- Independent Journalism From Today's Armenia
 December 26 , 2003 

Charges Over Charges: Another week of disputes with Armentel

Minister Manukyan and Armentel acting director Georgios Vassilakis (in an archive photo) may have to wait to shake hands on new phone service changes

Last week, at least four disputes arose simultaneously over Armenia's telecommunication provider, Armentel, confusing customers and sparking lawsuits.

The Greek-owned OTE company, Armentel's main share holder, announced that beginning January 1 the per-minute charge for landline use would double to eight drams (a little more than a penny).

Armenia's Minister of Transport and Communication, Andranik Manukyan, insists that the company cannot apply such a change. (Earlier this week Armentel announced it is suspending the rate increase.)

At the same time last Monday OTE filed a lawsuit in the International Arbitrary Court in London, charging that the Government of Armenia has violated its contract with the communications company.

On Tuesday, the State Committee on Economic Competition Protection fined Armentel five million drams (about $9,000) for showing discrimination towards consumers.

At the same time last week, the National Assembly held discussions of a law on electronic communication that could deprive Armentel its monopoly rights in cellular communication and providing Internet service.

While the court and the Assembly are wrangling over the tumultuous relationship between the Government and the communication company, consumers are bracing for the fallout.

According to Armentel beginning January 1 the 360 minutes of free phone conversation now in force will be cut down to 120, and the monthly prepayment for free of charge communication will not apply after 360 minutes of use.

Armentel says it will no longer accept pre-payments while the dispute is being heard.

Armentel sent a letter about new tariffs to Manukyan's office and in reply, the minister said the new charges will be rejected.

According to Manukyan the company has no right to apply such tariffs since according to a contract signed in 2001 between Armenia's Ministry of Justice and Armentel the abovementioned option can be applied no sooner than December 2004.

Manukyan encourages people to continue making prepayments. (The minister had also strongly opposed Armentel's imposition, in 2001 of the per-minute tax, but his opposition was in vain.)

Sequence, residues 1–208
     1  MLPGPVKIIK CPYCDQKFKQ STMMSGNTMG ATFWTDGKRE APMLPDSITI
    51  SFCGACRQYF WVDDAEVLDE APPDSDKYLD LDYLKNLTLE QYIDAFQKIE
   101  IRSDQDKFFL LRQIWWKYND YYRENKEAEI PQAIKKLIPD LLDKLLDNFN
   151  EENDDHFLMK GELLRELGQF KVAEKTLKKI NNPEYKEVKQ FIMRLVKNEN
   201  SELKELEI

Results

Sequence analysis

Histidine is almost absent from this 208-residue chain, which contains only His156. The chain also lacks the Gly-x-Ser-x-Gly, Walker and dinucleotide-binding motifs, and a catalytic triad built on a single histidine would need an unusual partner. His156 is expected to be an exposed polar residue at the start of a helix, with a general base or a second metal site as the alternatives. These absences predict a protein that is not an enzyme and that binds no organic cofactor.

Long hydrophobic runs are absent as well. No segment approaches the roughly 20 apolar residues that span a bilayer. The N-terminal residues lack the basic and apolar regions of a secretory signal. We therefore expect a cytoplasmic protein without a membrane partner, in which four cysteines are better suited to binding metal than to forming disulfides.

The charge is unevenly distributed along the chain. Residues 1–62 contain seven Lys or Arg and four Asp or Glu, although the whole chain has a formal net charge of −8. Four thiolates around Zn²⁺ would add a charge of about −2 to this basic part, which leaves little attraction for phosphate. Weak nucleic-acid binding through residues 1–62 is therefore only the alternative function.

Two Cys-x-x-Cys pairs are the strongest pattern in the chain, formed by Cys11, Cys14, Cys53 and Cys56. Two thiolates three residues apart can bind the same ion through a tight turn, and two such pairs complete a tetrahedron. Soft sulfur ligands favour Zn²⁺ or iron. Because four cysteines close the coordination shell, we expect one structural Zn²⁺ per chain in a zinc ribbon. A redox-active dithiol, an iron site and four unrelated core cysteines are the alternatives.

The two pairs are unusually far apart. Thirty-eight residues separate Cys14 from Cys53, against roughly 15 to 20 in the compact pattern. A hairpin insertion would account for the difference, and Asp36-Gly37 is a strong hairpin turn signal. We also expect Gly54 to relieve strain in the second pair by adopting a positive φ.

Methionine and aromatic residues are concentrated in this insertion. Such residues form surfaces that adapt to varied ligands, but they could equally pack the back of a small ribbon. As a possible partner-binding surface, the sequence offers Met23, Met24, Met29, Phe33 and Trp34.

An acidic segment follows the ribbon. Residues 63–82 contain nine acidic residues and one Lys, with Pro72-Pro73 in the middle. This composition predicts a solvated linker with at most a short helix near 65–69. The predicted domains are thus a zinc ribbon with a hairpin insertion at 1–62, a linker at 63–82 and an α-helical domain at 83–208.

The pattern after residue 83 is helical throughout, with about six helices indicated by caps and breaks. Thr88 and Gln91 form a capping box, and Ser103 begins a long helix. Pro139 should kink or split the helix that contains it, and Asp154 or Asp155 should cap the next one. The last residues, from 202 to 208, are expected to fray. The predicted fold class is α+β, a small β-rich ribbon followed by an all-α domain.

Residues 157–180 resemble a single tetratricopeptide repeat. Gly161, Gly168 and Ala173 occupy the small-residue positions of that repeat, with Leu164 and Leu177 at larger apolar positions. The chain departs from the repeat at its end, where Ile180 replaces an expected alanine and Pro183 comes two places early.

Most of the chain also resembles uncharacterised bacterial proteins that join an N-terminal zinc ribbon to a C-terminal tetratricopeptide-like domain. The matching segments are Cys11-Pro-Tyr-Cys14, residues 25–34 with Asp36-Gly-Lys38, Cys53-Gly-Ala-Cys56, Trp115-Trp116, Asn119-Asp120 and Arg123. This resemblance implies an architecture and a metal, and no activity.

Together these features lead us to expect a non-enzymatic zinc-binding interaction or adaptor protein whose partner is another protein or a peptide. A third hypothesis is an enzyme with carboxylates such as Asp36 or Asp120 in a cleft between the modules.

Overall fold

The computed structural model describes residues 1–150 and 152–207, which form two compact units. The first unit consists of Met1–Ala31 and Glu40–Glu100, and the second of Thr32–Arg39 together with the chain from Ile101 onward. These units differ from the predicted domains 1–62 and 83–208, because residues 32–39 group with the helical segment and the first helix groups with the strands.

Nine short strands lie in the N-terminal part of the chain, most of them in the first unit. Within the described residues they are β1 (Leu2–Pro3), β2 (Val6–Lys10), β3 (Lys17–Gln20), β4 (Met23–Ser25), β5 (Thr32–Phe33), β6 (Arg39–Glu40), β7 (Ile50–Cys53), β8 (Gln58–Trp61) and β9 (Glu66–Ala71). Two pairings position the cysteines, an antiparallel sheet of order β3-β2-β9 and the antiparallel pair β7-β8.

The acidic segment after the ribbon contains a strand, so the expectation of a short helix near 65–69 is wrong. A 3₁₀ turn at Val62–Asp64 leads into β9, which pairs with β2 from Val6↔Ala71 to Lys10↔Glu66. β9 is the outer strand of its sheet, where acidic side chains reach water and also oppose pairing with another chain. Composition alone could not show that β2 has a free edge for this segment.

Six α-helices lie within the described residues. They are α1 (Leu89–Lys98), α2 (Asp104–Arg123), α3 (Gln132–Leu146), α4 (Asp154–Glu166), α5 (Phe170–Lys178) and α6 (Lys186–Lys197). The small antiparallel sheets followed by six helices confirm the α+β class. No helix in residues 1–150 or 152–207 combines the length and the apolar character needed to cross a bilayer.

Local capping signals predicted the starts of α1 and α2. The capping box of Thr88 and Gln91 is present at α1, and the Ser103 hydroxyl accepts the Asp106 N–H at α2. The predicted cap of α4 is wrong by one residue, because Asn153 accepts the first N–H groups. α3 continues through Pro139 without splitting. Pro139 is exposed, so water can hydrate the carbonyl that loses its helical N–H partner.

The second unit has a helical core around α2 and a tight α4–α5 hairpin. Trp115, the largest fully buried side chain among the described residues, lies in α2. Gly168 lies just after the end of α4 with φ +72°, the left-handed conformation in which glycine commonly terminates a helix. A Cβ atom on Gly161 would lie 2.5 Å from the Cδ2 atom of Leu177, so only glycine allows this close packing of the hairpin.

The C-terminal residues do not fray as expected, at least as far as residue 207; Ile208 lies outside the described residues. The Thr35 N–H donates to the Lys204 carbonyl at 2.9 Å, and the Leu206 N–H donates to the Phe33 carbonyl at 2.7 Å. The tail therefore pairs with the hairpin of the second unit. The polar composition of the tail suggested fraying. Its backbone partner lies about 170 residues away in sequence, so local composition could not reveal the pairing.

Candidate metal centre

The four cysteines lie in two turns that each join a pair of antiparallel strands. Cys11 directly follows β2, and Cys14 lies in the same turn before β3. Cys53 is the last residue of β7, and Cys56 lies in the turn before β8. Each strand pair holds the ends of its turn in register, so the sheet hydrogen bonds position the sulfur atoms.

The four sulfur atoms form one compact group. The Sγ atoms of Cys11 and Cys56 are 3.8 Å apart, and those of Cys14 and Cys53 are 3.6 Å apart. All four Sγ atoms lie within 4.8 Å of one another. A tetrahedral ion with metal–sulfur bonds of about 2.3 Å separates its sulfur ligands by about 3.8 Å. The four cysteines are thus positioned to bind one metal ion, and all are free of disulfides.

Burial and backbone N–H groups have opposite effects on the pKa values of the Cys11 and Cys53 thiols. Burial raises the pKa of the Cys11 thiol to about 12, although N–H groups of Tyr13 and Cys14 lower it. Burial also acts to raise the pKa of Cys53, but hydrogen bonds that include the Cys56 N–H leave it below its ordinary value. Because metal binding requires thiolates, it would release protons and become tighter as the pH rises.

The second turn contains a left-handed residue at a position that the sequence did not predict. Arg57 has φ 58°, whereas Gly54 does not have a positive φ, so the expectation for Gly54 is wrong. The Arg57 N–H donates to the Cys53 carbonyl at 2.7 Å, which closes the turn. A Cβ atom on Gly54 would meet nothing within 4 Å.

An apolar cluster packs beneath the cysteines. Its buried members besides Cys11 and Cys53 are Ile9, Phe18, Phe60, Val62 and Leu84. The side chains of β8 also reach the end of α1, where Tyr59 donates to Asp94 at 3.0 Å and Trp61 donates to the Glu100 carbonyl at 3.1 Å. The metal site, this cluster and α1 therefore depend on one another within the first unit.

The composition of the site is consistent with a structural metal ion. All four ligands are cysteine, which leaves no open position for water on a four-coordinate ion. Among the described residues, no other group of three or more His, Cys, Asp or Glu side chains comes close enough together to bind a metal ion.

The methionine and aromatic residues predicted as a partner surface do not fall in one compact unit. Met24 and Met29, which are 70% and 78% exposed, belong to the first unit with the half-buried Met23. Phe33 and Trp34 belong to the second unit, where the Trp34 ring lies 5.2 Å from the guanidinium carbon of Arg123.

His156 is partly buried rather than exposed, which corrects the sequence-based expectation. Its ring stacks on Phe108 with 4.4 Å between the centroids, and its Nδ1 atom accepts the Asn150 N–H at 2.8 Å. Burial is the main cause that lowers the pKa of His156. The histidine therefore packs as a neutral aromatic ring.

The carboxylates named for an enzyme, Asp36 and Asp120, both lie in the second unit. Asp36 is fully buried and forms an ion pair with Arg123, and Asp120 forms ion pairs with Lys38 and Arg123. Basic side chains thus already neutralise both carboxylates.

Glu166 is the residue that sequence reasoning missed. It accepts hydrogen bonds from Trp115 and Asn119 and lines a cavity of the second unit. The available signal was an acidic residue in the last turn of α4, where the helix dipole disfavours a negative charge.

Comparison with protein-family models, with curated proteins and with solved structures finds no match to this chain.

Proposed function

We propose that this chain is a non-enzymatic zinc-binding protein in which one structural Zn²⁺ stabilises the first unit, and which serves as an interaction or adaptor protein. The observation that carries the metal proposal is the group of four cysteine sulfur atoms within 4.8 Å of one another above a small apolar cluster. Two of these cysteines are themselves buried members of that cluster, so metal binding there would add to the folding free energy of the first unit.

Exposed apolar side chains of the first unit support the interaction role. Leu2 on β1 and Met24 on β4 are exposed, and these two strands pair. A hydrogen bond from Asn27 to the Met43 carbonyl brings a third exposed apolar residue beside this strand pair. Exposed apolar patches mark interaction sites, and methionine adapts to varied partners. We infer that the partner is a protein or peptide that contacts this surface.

The time when suits will be heard is not known. According to the head of Democratic Fatherland political party Petros Makeyan the fight between the government and Armentel is only for the sake of getting shares from Armentel.

"There is no fight for the sake of people," says Makeyan, who in 1999 was one of the deputies who applied to Constitutional Court to deprive Armentel of monopoly rights.

"As a result of our research in 2001 we announced that out of $127 million investment of Armentel, $60 million is either addition or misappropriation," Makeyan says. "Afterwards, the government created a committee, which after examining the investment programs announced that there has been a $75 million embezzlement."

According to Makeyan it has already been two years but until now Armentel hasn't revealed the source of the misappropriation nor how much has been returned.

"I am sure that this is a common chain and they're doing everything to confuse people and divide income between themselves. If both parties don't come to an agreement the government will deprive Armentel of some authorities and they will be passed to Rostelecom (Russian company) or to Karabakhtelecom," Makeyan says.

Makeyan says Karabakhtelecom belongs to a clan, and that the Russians already own rights to Armenia's energy source.

"They've already given them the energy system, if they also give them the communication rights, we'll be totally dependant."



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